The study by Phil Davis Consulting looked at the number of article downloads from academic and professional journals in the sciences, social sciences and humanities.
It then measured the usage “half-life”, a term that describes the time it takes for a piece of work to reach half of its total number of downloads, for papers in 10 disciplines.
Almost 17 per cent of the articles had a half-life of more than six years and only 3 per cent had half-lives below 12 months.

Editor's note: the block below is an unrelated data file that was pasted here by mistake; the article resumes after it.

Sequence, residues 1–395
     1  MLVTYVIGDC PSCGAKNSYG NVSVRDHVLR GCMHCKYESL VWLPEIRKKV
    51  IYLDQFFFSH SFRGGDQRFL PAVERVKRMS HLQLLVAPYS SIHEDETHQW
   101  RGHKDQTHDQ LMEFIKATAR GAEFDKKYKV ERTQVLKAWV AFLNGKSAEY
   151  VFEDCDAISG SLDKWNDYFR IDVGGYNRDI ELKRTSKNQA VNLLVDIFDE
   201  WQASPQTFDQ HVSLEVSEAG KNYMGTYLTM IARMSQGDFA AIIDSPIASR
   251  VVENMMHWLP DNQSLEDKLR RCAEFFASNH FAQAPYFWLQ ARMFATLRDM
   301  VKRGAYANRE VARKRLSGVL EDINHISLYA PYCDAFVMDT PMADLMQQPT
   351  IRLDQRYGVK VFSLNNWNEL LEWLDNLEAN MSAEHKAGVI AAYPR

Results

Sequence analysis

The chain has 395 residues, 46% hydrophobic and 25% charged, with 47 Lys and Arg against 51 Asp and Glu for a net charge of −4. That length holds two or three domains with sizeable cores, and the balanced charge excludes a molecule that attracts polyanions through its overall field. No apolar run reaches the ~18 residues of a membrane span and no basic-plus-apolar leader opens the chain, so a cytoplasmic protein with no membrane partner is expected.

Typically, journal articles in the humanities, physics and mathematics had the longest half-lives, with a median of four to five years. Papers in the health sciences had the shortest half-lives, at two to three years.
The study, published in November, gave median half-lives as a range to standardise the data across different publishers.
Source: “Journal Usage Half-Life” by Philip M. Davis. * The median age of articles downloaded from a publisher’s website